Learning By Teaching: Student Developed Material for Self-directed Studies

Learning By Teaching: Student Developed Material for Self-directed Studies

J. Schminder, H. Najafabadi, R. Gårdhagen (2016).  Learning By Teaching: Student Developed Material for Self-directed Studies. 10.

Motivating students for active learning is a challenge and theory-loaded engineering courses are no exception. Many didactical approaches (e.g. learning by teaching, flipped classroom or multimedia teaching) have been tested and evaluated in the last decade to facilitate deep learning. However, most of these approaches were developed and tested in non-engineering classes why implementation in engineering disciplines can be challenging due to the different boundary conditions and teaching aims.

This paper presents an attempt to adopt the above mentioned approaches to a new introductory course for gas turbine engineering, given to students in their final year of different master programs, at Linköping University, Sweden. The foundation of our approach is based on the assumption that a student centered focus with students actively embedded in the teaching process improves learning.

To achieve this, the students were given an assignment in which they prepare and teach an essential topic that may not be covered extensively in the lectures. The assignment consists of a written report, creating a problem, and giving a lecture. First the students study relevant literature concerning the topic and summarize their gained knowledge in the report. After that, they create problems in which the presented theory is applied. Previous research has shown that active teaching, by the students, is essential to ensure high learning outcome. However due to time limitations the students cannot present their lecture live in front of their fellow students, therefore the idea emerged to let the students teach by producing short videos.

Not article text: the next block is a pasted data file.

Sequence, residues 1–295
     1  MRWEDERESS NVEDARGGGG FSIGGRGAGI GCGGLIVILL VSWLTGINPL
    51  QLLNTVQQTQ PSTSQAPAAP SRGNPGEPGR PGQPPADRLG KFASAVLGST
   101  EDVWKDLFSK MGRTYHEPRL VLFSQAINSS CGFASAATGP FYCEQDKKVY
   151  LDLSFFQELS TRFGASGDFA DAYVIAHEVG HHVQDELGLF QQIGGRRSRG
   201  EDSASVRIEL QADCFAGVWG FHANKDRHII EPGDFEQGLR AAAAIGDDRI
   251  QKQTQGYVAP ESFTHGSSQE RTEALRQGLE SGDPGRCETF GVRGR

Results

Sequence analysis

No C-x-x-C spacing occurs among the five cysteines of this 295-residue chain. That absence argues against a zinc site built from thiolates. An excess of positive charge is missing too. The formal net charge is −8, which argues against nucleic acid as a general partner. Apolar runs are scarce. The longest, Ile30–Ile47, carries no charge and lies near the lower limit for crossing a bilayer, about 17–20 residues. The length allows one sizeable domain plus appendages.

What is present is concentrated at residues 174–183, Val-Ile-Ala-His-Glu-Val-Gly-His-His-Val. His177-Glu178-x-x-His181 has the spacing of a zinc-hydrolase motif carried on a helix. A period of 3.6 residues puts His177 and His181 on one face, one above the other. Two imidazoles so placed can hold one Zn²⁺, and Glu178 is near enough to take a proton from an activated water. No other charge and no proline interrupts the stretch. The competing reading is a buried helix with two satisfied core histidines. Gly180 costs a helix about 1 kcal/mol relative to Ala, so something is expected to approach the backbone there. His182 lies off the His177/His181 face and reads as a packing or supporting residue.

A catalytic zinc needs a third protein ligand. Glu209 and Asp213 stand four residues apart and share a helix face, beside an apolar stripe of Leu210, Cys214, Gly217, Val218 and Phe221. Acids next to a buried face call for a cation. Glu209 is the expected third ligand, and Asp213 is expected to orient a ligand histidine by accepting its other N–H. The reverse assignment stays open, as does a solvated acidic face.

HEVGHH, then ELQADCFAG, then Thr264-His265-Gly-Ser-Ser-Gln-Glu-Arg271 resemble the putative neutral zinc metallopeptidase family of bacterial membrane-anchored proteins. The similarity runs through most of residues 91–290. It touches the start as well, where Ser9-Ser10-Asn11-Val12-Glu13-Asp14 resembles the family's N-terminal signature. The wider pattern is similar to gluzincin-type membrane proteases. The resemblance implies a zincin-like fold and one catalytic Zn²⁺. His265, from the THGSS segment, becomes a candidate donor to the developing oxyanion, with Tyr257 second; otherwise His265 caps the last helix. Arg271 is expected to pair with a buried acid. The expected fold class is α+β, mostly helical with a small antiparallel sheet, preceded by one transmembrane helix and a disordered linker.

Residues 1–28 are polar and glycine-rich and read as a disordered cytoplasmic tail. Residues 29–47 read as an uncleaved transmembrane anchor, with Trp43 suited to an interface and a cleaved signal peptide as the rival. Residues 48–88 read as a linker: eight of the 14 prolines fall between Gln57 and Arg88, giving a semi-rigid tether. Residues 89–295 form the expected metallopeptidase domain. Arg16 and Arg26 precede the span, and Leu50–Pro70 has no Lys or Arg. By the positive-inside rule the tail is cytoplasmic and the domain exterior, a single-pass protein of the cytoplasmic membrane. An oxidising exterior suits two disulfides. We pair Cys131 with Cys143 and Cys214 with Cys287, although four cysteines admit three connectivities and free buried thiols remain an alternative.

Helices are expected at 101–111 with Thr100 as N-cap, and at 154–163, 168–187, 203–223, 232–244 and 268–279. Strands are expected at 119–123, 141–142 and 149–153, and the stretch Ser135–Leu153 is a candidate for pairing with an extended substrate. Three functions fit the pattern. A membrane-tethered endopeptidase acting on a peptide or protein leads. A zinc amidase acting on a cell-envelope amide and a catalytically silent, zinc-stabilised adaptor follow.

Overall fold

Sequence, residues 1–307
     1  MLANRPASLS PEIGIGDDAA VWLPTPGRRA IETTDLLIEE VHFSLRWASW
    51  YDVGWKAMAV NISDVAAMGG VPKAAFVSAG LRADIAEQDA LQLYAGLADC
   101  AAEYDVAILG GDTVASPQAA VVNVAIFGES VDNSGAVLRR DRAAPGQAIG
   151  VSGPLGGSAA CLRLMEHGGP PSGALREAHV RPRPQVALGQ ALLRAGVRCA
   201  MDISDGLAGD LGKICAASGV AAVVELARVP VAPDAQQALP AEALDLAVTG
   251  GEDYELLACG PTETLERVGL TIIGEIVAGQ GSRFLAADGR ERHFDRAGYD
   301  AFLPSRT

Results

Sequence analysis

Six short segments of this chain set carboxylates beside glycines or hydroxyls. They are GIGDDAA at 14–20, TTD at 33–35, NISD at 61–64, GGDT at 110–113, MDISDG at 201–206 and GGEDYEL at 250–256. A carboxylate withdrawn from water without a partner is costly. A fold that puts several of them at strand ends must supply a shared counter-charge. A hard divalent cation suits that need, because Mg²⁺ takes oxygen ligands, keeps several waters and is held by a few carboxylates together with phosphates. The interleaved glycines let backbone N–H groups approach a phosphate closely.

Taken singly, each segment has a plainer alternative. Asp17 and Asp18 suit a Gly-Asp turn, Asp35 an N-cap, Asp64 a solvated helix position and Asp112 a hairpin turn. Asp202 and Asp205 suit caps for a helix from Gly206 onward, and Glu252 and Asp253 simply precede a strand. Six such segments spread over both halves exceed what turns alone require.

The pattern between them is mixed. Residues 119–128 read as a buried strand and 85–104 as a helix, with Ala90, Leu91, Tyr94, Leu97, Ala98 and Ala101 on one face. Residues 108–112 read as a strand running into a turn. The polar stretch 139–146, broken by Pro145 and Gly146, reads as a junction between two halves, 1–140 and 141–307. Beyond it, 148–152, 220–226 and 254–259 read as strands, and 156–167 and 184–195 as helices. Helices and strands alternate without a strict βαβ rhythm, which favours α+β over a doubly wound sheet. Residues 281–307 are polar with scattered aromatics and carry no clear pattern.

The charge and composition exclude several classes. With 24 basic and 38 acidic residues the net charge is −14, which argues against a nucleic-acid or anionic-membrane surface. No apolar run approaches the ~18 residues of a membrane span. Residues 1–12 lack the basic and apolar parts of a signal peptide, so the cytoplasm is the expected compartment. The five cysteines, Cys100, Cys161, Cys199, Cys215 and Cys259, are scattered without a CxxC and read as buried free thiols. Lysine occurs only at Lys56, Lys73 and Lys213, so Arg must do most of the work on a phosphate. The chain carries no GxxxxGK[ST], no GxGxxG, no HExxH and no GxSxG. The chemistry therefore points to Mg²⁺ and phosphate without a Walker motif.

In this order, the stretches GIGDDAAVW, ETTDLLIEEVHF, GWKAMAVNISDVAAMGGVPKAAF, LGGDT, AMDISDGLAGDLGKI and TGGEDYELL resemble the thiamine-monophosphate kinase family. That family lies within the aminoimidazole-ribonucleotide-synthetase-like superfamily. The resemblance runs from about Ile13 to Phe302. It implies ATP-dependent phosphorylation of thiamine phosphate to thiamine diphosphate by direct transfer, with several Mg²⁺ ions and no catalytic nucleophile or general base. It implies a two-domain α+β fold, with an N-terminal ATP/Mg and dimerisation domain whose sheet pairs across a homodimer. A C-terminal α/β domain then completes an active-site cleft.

The material created by the students is collected and uploaded in a student platform called LISAM. This is a learning environment in which students can collaborate, communicate, and exchange digital course material interactively between each other and the teacher. The content from the reports is copied to LISAM in a simple Wiki application creating a digital reference book for current and future students. The problems are also uploaded and serve as additional preparation for the exam or just to delve into a specific topic. This platform also offers the possibility of having a video channel where the produced teaching videos are uploaded and presented. It became apparent that the students use their videos as introduction and preparation before lectures and as repetition of the content that was taught earlier in the course.

A survey highlights that the advantages with this system are manifold. The students indicated that these class activities have promoted their creativity and improved their ability in explaining a complex engineering topic. Their teaching also changed their attitude to learning, they also saw a meaning in their task: teaching fellow and next generation students.

With the presented procedure students and teachers are working actively together towards a common aim: to establish deep and wide knowledge by using and creating student developed course material for continuous and individual learning.

Proceedings of the 12th International CDIO Conference, Turku, Finland, June 12-16 2016

Authors (New): 
Jörg Schminder
Hossein Nadali Najafabadi
Roland Gårdhagen
Active learning
Flipped Classroom
CDIO Standard 2
CDIO Standard 8
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